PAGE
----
Tell me – what’s some of the terminology you want to see in the bumbling biochemist dictionary? The bumbling biochemist is on a mission to make a glossary of biochemistry-related jargon that many people gloss over. You know what I’m talking about – those word like “residue” and “assay” that people use as if you should know what they are but you don’t & you feel stupid asking (though you shouldn’t)? 

So I don’t leave you hanging, “residue” is just what you call amino acids (protein letters) when they’ve joined together) & “assay” is basically just an experiment where you’re measuring something.

Those are just 2 of the words I plan to include in the to-be-periodically-updated glossary I’m planning to make for my blog (thebumblingbiochemist.com). 

I’m all about removing barriers to learning and one of those barriers is jargon. Sometimes jargon’s useful. But only if you’re “in the know” and that can make biochemistry seem like it’s some exclusive club. And I really don’t want it to be that way.

I *can’t* say I never use jargon. In fact, I think it’s important to introduce you to it so you know it so you know it and can better comprehend confusing conversations. What I *can* say is that I try my best to explain terminology I use in non-jargon terms the first time I use it. 

But I run into a couple problems…

One problem is that my posts can get really long and cluttered and if you insert a bunch of definitions into the “molecular story” you lose track of the story. I’m hoping having a de-jargonnized glossary to point to for more info will help here. 

But that leads to the…

Second problem – I’ve been studying biochemistry so long that I can forget what words are jargon because they’ve become so “normal conversational” to me (yes, I have some geeky conversations…). This can happen with professors too I think, because I remember in undergrad my profs would use terms like residue as if it was something that was clear to everyone when I couldn’t get the image of a dirty pan out of my head when that word was said!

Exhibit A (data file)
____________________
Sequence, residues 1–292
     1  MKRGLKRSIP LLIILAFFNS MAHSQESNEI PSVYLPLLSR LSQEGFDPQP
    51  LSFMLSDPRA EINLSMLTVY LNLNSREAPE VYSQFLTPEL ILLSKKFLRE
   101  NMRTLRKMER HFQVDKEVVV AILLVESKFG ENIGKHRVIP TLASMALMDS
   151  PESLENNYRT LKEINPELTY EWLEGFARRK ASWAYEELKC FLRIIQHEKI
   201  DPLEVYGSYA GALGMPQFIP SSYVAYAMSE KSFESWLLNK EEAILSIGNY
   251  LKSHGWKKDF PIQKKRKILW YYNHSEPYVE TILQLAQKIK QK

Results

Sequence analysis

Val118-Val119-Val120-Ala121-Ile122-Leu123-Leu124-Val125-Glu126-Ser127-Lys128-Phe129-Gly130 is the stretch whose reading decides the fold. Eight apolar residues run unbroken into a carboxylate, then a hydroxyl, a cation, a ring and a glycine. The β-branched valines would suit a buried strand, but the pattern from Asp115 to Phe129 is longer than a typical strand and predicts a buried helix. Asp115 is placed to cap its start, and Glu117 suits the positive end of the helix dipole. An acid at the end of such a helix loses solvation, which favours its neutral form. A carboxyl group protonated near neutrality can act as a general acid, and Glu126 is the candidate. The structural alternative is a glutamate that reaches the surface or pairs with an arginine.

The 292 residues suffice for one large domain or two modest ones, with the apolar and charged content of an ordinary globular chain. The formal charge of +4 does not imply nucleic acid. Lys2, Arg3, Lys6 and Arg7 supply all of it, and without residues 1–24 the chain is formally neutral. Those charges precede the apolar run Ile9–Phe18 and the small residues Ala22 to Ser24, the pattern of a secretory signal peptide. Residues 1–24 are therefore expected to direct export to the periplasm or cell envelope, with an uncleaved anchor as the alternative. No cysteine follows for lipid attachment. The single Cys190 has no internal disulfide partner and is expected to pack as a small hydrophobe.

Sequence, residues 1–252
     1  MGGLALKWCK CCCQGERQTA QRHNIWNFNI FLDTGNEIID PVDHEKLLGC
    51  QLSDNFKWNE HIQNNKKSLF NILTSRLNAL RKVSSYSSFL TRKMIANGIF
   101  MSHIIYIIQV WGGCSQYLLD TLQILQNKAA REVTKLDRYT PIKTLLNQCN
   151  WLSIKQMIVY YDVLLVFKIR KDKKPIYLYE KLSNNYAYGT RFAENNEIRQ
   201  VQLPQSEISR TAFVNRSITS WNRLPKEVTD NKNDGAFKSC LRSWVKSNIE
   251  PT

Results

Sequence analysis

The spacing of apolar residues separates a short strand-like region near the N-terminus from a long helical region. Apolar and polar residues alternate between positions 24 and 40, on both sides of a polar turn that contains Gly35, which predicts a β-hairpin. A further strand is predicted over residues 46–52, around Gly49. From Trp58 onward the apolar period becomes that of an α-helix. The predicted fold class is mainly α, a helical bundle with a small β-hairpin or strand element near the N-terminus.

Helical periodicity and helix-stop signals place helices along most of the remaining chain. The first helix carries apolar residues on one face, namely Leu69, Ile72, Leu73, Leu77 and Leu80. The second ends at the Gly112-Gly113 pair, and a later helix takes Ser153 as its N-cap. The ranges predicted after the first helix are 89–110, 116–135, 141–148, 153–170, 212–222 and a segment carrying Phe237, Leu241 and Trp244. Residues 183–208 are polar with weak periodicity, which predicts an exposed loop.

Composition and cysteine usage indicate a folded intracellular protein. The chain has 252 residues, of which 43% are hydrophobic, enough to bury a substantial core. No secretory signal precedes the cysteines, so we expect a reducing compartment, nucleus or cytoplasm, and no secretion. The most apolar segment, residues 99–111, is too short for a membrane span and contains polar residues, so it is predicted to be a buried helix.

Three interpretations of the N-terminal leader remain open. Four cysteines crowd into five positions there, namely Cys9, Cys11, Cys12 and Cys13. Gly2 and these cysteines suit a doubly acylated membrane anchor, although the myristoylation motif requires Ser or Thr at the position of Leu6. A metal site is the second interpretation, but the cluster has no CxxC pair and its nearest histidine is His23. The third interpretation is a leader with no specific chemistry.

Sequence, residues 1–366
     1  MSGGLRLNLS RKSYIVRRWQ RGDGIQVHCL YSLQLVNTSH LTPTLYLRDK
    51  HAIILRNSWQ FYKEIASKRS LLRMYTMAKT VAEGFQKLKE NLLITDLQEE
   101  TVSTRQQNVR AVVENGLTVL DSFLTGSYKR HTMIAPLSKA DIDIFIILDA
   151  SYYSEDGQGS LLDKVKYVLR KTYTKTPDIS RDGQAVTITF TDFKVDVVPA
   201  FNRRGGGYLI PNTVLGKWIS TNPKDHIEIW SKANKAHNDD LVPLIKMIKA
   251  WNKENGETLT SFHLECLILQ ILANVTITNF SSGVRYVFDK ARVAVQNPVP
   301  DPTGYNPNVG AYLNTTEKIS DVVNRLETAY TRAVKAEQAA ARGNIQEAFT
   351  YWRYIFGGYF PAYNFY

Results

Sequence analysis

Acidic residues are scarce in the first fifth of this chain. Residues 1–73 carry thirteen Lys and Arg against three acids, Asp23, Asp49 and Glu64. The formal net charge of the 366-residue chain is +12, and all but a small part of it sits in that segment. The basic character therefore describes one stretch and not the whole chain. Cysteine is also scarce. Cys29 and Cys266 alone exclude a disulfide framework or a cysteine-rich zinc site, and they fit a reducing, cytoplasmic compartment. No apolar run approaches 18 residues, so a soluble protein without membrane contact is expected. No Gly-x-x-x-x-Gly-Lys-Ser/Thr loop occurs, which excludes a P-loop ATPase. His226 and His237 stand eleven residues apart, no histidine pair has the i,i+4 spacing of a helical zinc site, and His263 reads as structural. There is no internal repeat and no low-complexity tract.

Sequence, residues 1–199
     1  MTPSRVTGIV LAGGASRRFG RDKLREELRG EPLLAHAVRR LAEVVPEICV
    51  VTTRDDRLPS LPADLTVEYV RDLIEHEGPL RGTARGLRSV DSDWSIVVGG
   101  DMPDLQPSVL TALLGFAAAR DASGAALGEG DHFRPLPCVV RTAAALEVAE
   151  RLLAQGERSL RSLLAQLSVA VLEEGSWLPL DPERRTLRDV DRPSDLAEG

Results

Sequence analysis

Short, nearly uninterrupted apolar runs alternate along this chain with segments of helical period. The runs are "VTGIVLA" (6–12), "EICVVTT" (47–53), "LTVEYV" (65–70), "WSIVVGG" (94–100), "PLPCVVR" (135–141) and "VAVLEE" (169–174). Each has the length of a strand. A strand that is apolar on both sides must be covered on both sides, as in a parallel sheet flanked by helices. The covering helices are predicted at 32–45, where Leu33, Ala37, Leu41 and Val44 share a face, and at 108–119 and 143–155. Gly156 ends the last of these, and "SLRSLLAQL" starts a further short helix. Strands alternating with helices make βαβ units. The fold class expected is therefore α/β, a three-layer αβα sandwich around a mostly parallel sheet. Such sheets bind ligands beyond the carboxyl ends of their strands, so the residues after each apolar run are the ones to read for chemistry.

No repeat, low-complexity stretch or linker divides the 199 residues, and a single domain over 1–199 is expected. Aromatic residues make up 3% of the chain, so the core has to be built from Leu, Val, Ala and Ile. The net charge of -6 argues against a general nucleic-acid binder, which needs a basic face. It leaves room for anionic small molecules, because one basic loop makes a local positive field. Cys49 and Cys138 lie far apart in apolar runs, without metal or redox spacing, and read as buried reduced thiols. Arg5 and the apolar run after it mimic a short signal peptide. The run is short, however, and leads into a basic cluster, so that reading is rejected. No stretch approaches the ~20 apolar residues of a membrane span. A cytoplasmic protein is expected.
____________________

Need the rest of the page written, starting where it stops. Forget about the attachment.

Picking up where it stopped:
I don’t want this to happen to other people (especially not when I’m trying to teach!) So, I need your help – what biochemistry words do you hear thrown about of which you have many a doubt? (and don’t be embarrassed to say! speaking of which, make sure you ask if you don’t know something because having a solid foundation is sooooo important and it’s way easier to ask early than to ask later!)

Final plea – if you learn all this jargon, please don’t go throwing it around with abandon now that you’re “in the club”. Instead, let’s all work to help make and keep the biochemistry club doors open! Using jargon to “sound smart” only “sounds” smart – in fact, the hardest thing to do can be to explain complex things in simple terms. Which is part of why I love doing this work because it challenges me and helps me learn. 

This post is part of my weekly “broadcasts from the bench” for The International Union of Biochemistry and Molecular Biology. Be sure to follow @the_IUBMB if you’re interested in biochemistry! They’re a really great international organization for biochemistry.⠀

more on topics mentioned (& others) #365DaysOfScience All (with topics listed) 👉 http://bit.ly/2OllAB0⠀

2 Thoughts on “A bumbling biochemist call for jargon to de-jargon-ize!”

  • Happy to hear the points! I am a newer in the protein-structural field and read your posts almost everyday and i found the memebers in our lab always say some “biochemistry-related jargons” in the daily conversition which makes me confused, so it’s very helpful for me to learn some jargons from you! thanks soooo much.—— A lively research assistant

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